8. Linda, I’m always impressed by people who aren’t afraid of change — that seems like so much healthier of an attitude than my own, which is “stay stay stay stay stay.”

    As for unconscious decisions, a few years ago MY sister and I each realized that we’re still struggling to overcome our greatest weakness from high school: hers was not being Beautiful, and mine was not being Popular. Now she’s drop-dead gorgeous and I have lots of friends, but we still think of ourselves as inferior in those areas. Go figure!

  9. Gosh, I think I make more decisions without knowing why than any others! Which just goes to show that I need to be a lot more present and thoughtful in what I do. It’s funny that all that moving around has carried on for you into adulthood. I wonder if in some people, it would go the other way, like an urgent need to put down roots and settle in.

    • Interesting question because all three of us have the same wanderlust even when we don’t want to leave where we are. Funny.

  10. I’ve always been the type to want to help family and friends solve their problems. I found out through my nutritionist (in an effort to lessen my stress) that maybe other people aren’t looking for solutions. That floored me. To me it was automatic. Got a problem? Seek a solution.

    So now I hold back, listen and wait for people to give me cues that they want to solve the problem they’re having. You know what? Some people don’t want solutions. Who’d have thought???? And you know what else? It does lessen my stress. LOL! Great post Linda, thanks.

    • I was the same way for a long time (following in my mother’s footsteps). But most people either don’t want a solution, or they know the solution but don’t want to do whatever is required. I finally decided that if they wanted my help, they had to ask for it. Thanks for visiting.

  11. It never ceases to amaze me how unconsciously we all live at times; driven by belief, habits, or patterns we learned as children. Often, we don’t even realize those experiences can propel our current life. Amazing that you’ve seen it and can now tap into it and make it work for you!

  12. Yes there are a few patterns I do that I used to ignore or fight. I would around going “why do I do that” or compare myself to others who things differently. Natalie is right it is amazing how much can unconsciously settle in.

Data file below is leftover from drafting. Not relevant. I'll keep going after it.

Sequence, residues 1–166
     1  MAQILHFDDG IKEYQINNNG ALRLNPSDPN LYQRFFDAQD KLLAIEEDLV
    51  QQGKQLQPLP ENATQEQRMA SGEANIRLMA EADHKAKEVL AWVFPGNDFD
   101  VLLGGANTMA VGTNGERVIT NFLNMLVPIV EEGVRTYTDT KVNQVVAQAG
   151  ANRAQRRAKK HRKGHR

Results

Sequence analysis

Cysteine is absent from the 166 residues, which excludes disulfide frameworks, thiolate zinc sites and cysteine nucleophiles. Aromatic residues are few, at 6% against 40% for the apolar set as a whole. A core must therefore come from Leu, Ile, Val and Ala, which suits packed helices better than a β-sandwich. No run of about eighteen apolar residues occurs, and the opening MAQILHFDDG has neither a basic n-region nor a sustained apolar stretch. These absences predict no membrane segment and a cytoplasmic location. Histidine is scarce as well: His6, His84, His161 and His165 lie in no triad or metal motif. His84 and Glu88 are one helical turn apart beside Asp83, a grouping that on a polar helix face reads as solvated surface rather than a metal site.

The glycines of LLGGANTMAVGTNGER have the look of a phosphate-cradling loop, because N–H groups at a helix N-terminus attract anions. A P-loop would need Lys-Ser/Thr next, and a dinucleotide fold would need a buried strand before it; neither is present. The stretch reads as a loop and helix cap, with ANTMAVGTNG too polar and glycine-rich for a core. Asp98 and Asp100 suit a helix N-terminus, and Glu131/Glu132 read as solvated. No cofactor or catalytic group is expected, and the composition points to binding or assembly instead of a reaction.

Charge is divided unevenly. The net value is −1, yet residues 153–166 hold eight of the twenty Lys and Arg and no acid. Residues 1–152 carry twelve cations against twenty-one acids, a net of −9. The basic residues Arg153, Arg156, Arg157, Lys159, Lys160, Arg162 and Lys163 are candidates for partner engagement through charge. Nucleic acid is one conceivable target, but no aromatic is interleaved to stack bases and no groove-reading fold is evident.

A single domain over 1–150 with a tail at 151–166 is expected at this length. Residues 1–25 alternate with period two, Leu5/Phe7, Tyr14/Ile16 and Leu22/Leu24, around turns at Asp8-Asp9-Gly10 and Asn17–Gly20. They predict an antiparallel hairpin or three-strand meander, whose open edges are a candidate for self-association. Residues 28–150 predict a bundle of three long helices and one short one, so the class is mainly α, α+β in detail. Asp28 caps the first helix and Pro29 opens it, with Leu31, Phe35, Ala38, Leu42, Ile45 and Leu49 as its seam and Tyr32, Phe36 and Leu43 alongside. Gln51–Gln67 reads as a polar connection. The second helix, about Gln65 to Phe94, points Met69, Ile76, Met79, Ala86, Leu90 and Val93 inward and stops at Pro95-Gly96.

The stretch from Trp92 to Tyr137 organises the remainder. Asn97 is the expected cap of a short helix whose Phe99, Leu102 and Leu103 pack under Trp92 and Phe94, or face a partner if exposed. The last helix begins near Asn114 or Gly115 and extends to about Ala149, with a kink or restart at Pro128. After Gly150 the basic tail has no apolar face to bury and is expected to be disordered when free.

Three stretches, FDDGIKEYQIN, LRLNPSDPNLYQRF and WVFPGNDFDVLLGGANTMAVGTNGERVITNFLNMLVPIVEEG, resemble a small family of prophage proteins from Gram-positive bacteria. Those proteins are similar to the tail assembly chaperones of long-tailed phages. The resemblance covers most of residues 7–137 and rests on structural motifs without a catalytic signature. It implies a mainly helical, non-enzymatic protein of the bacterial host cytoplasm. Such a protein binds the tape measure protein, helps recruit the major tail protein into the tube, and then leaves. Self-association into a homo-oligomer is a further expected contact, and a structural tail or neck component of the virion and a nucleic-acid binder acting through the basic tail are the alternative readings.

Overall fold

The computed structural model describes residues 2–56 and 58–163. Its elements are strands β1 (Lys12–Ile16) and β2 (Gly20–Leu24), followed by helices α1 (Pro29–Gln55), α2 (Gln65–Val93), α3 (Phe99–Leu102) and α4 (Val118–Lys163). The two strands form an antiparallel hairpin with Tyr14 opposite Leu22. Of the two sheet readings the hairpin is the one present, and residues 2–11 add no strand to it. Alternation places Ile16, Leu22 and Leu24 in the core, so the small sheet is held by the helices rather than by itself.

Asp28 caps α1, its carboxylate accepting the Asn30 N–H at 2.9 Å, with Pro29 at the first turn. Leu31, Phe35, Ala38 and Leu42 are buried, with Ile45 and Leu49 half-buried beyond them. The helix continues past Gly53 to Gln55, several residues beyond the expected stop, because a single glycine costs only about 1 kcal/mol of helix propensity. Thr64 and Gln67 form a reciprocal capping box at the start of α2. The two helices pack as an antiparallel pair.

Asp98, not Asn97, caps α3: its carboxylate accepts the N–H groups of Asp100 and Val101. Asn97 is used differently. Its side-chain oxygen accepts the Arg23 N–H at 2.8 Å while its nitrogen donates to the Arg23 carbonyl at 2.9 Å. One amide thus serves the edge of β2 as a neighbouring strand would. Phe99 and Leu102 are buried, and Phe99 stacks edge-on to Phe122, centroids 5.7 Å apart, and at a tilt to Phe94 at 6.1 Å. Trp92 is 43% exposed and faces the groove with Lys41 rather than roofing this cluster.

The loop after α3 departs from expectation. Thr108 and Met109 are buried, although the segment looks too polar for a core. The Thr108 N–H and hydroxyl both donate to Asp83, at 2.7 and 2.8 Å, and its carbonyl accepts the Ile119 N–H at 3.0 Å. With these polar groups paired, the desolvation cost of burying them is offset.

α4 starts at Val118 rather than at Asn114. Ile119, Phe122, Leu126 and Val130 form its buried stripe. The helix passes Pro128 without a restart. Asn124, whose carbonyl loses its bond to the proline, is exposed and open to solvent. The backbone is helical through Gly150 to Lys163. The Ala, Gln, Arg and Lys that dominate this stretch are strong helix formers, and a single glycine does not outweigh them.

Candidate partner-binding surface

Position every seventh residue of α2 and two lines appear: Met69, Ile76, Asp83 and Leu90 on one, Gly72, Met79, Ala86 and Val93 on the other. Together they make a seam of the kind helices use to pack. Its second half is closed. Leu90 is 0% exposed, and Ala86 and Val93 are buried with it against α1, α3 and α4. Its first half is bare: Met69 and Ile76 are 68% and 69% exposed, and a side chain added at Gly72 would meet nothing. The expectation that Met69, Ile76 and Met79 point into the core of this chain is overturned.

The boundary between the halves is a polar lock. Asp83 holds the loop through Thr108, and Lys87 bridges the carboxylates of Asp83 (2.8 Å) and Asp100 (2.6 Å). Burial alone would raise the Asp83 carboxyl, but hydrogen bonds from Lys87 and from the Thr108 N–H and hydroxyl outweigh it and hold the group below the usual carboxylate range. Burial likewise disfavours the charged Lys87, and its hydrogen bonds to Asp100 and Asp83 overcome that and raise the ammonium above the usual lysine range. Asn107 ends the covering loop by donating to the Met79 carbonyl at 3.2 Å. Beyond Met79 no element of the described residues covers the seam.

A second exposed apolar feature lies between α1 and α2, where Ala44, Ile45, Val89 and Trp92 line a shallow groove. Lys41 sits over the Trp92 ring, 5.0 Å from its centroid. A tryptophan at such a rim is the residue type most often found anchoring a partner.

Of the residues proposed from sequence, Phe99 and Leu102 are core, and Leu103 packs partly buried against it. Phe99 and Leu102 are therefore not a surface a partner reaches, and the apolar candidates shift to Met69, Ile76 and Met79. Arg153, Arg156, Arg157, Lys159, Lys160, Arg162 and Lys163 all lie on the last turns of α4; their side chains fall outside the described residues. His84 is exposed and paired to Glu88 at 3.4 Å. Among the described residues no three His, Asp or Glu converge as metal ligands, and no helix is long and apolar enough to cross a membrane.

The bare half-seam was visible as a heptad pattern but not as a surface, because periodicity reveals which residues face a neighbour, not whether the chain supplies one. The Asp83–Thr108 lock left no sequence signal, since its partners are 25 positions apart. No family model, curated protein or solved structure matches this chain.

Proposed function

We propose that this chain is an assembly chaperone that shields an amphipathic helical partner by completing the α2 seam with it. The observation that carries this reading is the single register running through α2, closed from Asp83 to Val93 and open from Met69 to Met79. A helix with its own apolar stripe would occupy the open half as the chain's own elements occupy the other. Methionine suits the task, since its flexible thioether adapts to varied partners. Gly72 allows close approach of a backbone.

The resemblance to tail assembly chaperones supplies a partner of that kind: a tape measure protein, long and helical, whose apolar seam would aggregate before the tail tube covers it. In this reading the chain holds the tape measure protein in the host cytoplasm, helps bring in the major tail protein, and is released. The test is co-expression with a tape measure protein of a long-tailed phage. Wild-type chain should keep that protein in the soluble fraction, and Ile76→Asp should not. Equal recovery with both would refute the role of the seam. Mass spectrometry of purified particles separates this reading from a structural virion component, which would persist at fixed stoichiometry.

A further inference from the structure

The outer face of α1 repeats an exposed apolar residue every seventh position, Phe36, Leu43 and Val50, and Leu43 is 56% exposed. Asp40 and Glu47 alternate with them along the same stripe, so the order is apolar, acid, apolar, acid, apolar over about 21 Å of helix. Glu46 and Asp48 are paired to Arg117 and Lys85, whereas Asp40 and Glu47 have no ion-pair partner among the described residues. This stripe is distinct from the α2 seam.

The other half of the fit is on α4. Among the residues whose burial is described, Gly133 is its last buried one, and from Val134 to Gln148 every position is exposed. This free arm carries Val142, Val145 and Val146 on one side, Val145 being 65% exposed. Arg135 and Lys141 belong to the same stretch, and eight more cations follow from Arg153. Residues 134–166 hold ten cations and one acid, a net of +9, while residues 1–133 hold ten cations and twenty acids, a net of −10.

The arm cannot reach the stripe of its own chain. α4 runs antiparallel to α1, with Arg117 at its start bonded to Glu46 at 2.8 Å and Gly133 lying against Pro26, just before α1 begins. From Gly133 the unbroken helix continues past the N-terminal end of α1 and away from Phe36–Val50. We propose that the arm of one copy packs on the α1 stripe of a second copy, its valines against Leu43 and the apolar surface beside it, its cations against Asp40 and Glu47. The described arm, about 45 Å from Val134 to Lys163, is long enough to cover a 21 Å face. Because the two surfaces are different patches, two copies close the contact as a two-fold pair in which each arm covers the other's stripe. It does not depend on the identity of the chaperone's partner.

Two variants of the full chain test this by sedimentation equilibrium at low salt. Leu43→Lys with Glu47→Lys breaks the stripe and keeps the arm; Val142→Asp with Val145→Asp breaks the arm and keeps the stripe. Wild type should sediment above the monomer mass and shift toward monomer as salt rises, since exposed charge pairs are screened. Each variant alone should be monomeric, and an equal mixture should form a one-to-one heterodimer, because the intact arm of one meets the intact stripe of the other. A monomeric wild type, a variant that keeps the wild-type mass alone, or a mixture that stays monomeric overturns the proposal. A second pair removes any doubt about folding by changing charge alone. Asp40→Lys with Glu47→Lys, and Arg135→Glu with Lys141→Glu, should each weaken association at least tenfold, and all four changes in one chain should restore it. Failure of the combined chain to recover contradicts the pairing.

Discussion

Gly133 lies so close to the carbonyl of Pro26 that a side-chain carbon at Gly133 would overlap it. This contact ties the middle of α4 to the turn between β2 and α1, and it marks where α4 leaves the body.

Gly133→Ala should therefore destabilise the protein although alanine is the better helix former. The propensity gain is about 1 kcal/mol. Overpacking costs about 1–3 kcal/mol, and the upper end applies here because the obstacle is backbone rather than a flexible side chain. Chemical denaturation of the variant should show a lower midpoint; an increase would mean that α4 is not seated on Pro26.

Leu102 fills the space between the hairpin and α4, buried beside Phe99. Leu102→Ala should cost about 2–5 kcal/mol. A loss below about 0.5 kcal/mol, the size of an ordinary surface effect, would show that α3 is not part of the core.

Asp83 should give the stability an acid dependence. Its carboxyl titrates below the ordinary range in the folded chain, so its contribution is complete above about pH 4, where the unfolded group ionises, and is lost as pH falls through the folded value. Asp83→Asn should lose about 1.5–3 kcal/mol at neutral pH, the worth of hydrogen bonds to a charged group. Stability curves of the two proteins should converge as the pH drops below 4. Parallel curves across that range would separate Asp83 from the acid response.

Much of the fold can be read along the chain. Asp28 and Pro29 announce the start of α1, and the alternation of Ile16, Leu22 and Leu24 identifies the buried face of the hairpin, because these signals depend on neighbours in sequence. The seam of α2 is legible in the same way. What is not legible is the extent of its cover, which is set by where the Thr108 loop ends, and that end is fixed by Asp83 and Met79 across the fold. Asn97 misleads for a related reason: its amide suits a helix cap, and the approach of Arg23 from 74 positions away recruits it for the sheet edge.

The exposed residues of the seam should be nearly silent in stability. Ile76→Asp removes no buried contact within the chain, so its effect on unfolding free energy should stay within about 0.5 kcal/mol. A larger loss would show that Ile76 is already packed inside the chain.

• It becomes our comfort zone. I’ve been trying to make myself do things that are outside my comfort zone (like Twitter and blogging). So my comfort zone has expanded. Thanks for commenting.

  13. This is so good! Yes, I think if more people became aware and took the time to quiet themselves and look within, they’d find little golden nuggets of ” a hah! So that’s why…” we all have them :). Great post! Will def re tweet :)

  14. I figured out a few years ago that I always get antsy when the seasons change. So now instead of impulsively making changes, I ride out the change.

    • I feel much happier knowing why I think I need to move and realize it is habit, not necessity. Thanks for dropping by.

  15. Hi Linda,

    I spent my high school years in a small rural town and couldn’t wait to get out of Dodge. After college, I moved around a bit but settled near family in the Bay Area. I’ve always wondered how different my life would’ve been if I’d chosen to attend a university on the east coast. Would I have stayed back there? I would like to try living in a different area of the country, but having family close by does have its advantages.
    Great thought provoking post!

    • I lived in Washington, D.C., for five years and although I enjoyed parts of it I was happy to move back to the south-central part of the U.S. The cost of living was very expensive.

      Thank you for dropping by and commenting.

  16. Decisions for me are motivated by what’s carried within, and by what is happening around me at the time. I may try to foster the hope that a decision today will improve my future, or help those I love. Bottom line for me is that I learn something through the decisions I make or refuse to make. I am confident that this is all part of my evolution, and I’m guessing that there are unconscious triggers within every one of us. Interesting and thought provoking subject!

  17. […] you make decisions without knowing why?” Linda Burke poses this question in Unconscious Decisions.  I noodled for a bit then nodded with understanding and agreement.  There is a “why” […]

  18. Linda,

    Your childhood sounds remarkably similar to my own in regards to the moving. What it has done for my sister and me is make it exceedingly easy to say goodbye to friends while making it devastatingly difficult to say goodbye to loved ones. Like you, we learned early on that friendships were almost disposable, but that family is the very basis of a healthy life.

    Thanks so much for sharing!

  19. […] without knowing why?” Linda Burke wrote a great blog post about how she had been making unconscious decisions in her life that were shaped by her childhood. Hmmm…sounds very familiar to me Linda. It never […]